High blood pressure resulting from acute anxiety[9], is typically temporary and short-lived. It occurs when a person experiences elevated blood pressure during a stressful event. This increase is usually transient and should return to normal once the anxiety-inducing situation is resolved. However, if anxiety persists or becomes chronic, it can contribute to sustained high blood pressure, a condition known as hypertension. In such cases, the duration of elevated blood pressure is longer-term. It requires ongoing management, including lifestyle changes and potentially medication, as chronic anxiety can exacerbate hypertension and its associated health risks.

Q: What can untreated anxiety lead to?

Untreated anxiety can lead to a range of physical, emotional, and social consequences. Physically, it can contribute to chronic health problems, including cardiovascular issues, digestive disorders, and a weakened immune system. Furthermore, untreated anxiety often worsens over time and can result in depression, decreased quality of life, and reduced productivity. Socially, it can strain relationships and lead to isolation. In extreme cases, untreated anxiety can even lead to self-destructive behaviors or substance abuse as individuals attempt to cope. Timely intervention and appropriate treatment are essential to prevent these potential complications.

Q: What are signs I have anxiety?

Signs of anxiety[9] can manifest both mentally and physically. Common mental symptoms include excessive worry, racing thoughts, irritability, difficulty concentrating, and restlessness. Physically, anxiety may lead to muscle tension, trembling, increased heart rate, shallow breathing, sweating, and gastrointestinal issues like nausea or diarrhea. Behavioral signs can include avoidance of certain situations or activities due to fear or unease. Sleep disturbances and fatigue are also common. If you find these symptoms interfering with your daily life, relationships, or overall health, it's important to seek a healthcare professional to help manage and improve your quality of life.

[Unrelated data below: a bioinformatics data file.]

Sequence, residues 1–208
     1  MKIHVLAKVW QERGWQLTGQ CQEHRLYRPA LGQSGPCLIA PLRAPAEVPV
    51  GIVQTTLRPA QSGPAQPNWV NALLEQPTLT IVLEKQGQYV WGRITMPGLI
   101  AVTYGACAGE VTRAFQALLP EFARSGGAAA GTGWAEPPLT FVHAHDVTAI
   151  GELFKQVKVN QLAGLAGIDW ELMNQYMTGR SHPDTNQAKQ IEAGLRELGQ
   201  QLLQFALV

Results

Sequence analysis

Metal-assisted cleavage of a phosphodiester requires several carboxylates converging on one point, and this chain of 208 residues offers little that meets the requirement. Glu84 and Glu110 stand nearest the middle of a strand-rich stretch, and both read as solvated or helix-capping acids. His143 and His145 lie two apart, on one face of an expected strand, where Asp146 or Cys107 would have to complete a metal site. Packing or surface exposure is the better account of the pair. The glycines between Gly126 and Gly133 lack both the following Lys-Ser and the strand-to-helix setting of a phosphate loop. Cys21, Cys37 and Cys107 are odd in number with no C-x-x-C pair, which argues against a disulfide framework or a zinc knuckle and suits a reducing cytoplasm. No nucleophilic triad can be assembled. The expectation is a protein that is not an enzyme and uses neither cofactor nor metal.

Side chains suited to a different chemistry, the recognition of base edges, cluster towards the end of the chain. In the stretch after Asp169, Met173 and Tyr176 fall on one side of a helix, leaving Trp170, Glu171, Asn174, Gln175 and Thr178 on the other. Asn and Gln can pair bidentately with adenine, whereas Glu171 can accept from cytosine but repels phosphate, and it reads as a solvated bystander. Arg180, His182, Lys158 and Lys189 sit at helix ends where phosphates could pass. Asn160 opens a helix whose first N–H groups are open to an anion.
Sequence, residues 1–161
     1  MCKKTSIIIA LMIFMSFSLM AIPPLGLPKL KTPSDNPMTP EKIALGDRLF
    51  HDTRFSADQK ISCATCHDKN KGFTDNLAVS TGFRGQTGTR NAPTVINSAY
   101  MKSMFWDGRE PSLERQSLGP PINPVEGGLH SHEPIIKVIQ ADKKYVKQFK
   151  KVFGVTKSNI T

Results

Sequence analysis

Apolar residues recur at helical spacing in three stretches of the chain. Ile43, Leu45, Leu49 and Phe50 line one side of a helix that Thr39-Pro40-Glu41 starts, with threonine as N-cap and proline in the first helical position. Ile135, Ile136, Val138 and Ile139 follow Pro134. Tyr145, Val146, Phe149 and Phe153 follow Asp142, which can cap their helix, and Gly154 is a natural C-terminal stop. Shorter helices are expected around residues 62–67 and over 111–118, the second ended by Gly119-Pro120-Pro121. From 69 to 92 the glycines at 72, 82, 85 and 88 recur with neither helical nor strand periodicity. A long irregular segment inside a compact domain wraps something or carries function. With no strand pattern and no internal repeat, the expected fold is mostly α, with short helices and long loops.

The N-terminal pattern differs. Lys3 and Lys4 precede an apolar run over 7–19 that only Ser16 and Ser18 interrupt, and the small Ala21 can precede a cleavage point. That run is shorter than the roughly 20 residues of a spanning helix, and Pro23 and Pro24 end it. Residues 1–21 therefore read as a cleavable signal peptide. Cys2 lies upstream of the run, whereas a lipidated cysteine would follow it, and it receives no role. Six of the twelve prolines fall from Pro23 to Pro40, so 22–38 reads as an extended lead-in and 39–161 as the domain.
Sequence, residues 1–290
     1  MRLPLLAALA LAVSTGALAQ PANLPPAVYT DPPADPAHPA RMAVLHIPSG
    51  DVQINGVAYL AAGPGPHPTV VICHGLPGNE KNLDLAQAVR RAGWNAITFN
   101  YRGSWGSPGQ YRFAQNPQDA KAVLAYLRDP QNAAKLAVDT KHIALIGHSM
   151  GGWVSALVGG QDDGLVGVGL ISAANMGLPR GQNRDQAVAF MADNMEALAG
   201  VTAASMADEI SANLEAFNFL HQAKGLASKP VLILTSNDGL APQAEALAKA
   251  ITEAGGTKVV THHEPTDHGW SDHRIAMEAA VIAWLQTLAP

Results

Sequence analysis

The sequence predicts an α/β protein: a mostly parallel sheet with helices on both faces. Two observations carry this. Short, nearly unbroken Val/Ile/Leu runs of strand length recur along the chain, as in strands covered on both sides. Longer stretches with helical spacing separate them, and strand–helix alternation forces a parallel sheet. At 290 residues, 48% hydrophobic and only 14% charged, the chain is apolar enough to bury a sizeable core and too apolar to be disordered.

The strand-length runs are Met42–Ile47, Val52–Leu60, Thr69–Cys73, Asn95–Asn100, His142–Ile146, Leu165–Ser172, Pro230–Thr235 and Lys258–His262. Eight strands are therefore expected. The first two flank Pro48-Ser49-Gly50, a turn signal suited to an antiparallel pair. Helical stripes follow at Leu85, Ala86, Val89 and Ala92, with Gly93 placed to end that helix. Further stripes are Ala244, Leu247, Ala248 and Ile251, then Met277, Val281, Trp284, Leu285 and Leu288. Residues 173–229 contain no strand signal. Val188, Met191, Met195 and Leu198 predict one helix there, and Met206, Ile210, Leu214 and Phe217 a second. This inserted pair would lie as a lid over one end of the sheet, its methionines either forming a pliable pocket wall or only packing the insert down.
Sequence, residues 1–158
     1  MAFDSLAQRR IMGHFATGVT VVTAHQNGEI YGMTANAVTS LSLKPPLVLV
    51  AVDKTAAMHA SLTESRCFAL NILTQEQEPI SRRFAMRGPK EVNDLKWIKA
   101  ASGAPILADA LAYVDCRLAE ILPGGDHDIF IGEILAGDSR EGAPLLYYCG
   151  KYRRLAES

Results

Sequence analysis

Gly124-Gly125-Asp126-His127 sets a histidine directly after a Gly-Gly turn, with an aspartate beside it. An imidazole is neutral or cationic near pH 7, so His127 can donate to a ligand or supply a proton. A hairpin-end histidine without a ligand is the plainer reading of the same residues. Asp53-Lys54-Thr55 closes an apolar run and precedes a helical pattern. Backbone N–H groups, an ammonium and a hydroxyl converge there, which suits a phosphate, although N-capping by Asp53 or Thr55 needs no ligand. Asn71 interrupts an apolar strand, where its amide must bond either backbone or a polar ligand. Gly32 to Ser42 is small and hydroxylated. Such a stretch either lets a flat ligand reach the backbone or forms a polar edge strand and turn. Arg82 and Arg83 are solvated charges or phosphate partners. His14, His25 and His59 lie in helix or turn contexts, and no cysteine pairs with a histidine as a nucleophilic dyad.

Anxiety and high blood pressure are very prevalent and often debilitating conditions that can have a profound impact on one's mental, emotional, and physical health. Recognizing the signs of anxiety is the first step toward seeking help and managing the condition effectively. Whether it's excessive worry, physical symptoms, or changes in behavior, early identification is crucial. The good news is that anxiety is a treatable condition, and a wide range of therapeutic interventions, from therapy to medication, are available to alleviate its effects. By addressing anxiety, individuals can regain control of their lives, improve their overall quality of life, and prevent potential blood pressure complications associated with untreated anxiety.



Celeste Small

Celeste Small

Medicine has always been a passion ever since she was young so it was no surprise when Celeste decided to pursue pharmacy. Celeste Small was born in South Florida and raised in Melbourne, FL. She graduated from Rockledge High School in 2010 and received both her Bachelor of Science (in 2014) and Doctor of Pharmacy (in 2018) degrees from the University of South Florida in Tampa, FL. Celeste has worked at in an independent pharmacy in Titusville, FL for three years after graduating from pharmacy school and currently is working at the Patrick Space Force Base in Cocoa Beach, FL as a contract pharmacist. Celeste is also currently a freelance medical writer on the side and has written content for blogs, presentations, and for educational material. She also manages a website called where she and other pharmacy colleagues post informative medical information for both healthcare professionals and consumers alike. In her free time, she enjoys traveling, going to theme parks, listening to music and enjoying the Florida sun.

  • Bachelor of Science, University of South Florida
  • Doctor of Pharmacy, University of South Florida
  • Florida Board of Pharmacy License
  • Florida Consultant License
  • Staff Pharmacist-Itani Family Pharmacy 2018-2022
  • Contract Pharmacist-Patrick SpaceForce Base 2022-Present
  • Freelance Health Content Writer 2018-Present
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Written by Celeste Small